Wexford’s country policeman appearance often leads suspects to underestimate his intelligence and a gruff exterior masks a surprisingly sensitive and thoughtful mind…
George Baker: “I’d never read any of Rendell’s books and I was very seriously thinking of not going on with acting and trying something less stressful. But I thought that the first Wexford novel I read was an absolute cracker and since I was given to understand that it would be a one-off, I agreed. Yet, as I read more, the writing made me sense aspects of the character with which I sort of agreed.
I had to bring to the screen Wexford’s stature, his calm and his intelligence. From my point of view as an actor what was particularly interesting was the subtle way Ruth confronted Wexford with the necessity of re-evaluating his moral and philosophical certainties in every book.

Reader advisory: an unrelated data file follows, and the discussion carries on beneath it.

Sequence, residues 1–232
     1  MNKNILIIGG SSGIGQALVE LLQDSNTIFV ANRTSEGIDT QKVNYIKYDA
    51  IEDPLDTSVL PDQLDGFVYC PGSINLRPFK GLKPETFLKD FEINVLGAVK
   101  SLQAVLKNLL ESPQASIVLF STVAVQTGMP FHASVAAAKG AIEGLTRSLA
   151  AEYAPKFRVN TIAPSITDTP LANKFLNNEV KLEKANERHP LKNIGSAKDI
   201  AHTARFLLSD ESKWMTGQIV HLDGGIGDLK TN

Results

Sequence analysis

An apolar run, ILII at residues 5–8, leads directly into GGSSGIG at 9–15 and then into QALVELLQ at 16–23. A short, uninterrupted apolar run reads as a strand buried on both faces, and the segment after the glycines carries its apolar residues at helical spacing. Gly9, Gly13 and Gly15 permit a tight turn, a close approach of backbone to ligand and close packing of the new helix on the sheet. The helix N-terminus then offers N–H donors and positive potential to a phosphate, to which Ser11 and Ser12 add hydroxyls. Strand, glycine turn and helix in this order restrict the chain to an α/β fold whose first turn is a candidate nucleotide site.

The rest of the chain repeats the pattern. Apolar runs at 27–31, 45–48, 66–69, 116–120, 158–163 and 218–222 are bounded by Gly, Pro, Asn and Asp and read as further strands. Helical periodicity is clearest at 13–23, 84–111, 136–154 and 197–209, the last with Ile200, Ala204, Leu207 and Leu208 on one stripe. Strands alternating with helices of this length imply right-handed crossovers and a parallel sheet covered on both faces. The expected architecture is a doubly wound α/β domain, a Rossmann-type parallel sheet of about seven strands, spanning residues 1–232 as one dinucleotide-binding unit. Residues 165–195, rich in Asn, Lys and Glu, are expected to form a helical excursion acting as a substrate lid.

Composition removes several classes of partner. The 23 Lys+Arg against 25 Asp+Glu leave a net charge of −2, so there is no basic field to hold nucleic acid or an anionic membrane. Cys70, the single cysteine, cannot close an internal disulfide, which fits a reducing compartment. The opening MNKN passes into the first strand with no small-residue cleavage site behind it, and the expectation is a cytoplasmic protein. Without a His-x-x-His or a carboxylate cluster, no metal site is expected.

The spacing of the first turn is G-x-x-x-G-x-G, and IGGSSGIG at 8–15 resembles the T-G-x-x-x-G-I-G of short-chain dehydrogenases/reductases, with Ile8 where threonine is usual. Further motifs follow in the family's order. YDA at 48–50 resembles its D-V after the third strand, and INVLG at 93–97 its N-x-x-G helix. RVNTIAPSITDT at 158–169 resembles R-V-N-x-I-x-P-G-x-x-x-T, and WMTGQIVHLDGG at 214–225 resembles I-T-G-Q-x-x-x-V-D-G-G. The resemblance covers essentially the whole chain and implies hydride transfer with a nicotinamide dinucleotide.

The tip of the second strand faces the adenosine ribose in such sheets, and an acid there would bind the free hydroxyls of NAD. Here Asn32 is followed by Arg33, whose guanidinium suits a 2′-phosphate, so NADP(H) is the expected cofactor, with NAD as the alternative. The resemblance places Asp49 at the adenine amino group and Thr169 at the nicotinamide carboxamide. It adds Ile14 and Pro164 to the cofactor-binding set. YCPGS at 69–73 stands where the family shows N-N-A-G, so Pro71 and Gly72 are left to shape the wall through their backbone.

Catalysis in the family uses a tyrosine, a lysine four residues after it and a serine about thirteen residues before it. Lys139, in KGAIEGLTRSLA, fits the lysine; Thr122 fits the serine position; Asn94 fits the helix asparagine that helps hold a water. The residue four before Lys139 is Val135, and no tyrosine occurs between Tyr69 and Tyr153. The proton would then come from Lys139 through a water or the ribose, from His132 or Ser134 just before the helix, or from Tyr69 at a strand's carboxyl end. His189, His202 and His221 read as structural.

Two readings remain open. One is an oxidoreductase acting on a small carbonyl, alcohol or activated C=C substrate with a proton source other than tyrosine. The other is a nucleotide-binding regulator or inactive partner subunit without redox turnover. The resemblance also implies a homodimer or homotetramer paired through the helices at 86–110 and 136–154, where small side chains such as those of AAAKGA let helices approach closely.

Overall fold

He is the sort of policeman you want to meet in real life and seldom do. He sympathises with human frailties, but not enough to let you off the hook. He’s got a sense of humour. He loves his family, but it’s a real sort of love, they quarrel, they have misunderstandings and they make up.
He’s also got a temper, which is sometimes very short. He’s so opinionated he knows he’s always right, and nine times out of ten he is. He’s very obstinate, as his sidekick Inspector Burden will tell you. Sometimes he’s down-right rude. In fact Ruth seems to have written a real man with all the faults and virtues; he just happens to be a policeman. That’s what makes the part such fun to play. I hope you enjoy watching the Ruth Rendell Mysteries as much as I’ve enjoyed playing Inspector Wexford.”